"Scientists aren't perfect, just peer reviewed.""Eye of Sauron Observatory", featuring "Sauron's Other Eye", 16" dob, conical Royce mirror.
Quote:Not really sure. I would suspect that the excited state of 16O that produces the gamma decay is due to narrow resonances in the nucleus. Since the proton that is captured by the 15N is spread over a wide distribution of energies, it is most likely that the proton doesn't have the needed energy to produce that resonance in the nucleus. Thus having sufficient energy, an alpha particle would most likely tunnel out.
Quote:Icko Iben, Jr. (2013) page 285"...once every ~2200 times that an 15N nucleus reacts with a proton, the resulting compound nuclus decays into an 16O with the release of a gamma ray rather than into a 12C nucleus and a alpa paticle...."He also shows some tableswith other discusion on lifetime of varios isotopes.Hope this helps!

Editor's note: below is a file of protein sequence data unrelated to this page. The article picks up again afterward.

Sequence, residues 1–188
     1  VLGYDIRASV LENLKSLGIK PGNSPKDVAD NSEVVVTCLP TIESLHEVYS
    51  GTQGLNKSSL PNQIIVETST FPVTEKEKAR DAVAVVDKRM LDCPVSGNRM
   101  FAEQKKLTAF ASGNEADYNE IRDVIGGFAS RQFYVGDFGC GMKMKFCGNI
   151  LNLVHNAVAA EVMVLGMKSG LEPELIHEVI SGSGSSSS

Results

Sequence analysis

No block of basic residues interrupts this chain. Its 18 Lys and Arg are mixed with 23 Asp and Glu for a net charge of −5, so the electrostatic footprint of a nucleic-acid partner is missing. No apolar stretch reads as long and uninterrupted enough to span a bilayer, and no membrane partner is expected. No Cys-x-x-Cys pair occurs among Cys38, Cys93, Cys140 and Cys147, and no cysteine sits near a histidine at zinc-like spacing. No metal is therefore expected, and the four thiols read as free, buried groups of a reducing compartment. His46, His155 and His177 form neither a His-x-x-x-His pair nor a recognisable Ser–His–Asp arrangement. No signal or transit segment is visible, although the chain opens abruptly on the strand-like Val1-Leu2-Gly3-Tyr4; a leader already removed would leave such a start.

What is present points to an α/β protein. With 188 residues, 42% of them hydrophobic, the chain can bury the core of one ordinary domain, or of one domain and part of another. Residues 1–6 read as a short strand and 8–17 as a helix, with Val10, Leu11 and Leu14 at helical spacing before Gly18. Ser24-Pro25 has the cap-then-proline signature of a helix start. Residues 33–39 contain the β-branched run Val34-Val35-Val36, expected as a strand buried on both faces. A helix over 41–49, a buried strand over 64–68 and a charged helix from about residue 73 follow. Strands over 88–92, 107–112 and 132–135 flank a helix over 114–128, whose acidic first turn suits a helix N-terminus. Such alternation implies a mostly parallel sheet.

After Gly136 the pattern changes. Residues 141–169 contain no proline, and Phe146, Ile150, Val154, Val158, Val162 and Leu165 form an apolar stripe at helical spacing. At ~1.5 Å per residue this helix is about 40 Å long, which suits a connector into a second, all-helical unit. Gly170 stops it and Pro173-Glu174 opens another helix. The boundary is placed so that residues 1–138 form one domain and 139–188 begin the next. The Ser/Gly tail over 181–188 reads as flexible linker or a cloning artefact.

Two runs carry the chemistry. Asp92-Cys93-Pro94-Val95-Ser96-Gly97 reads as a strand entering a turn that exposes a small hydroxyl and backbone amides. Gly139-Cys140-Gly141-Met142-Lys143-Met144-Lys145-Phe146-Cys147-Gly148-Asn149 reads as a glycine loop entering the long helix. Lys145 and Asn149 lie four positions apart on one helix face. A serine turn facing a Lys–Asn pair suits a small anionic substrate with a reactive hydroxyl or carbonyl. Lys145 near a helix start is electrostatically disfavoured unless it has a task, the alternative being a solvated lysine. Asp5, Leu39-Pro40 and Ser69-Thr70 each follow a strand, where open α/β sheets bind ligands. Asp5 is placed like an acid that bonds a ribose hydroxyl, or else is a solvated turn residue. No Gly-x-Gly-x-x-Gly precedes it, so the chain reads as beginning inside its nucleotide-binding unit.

Quote:Well, the 16O is the O isotope that is 99+% of the O in the universe (meaning it is rather stable), and has a higher binding energy per baryon than 4He... But the question is that the reaction doesn't take place to begin with, not that the product isn't stable...
Quote:This seems like a good candidate for accelerator experiments. If they've been done, do the dominant and alternative reactions occur a similar frequencies?
Quote:Well of course, 16O is stable. But an excited 16O that has just formed from capturing a proton with some decent energy is not just some random 160 floating around. Not sure what it is, but there is some temp when the probabilities of the CNO occuring will take dominance. Apparently, our Sun isn't quite there.
Quote:I eventually found this evidently classic work: Synthesis of the Elements in Stars. Also this more recent page has an overview and lots of interesting links.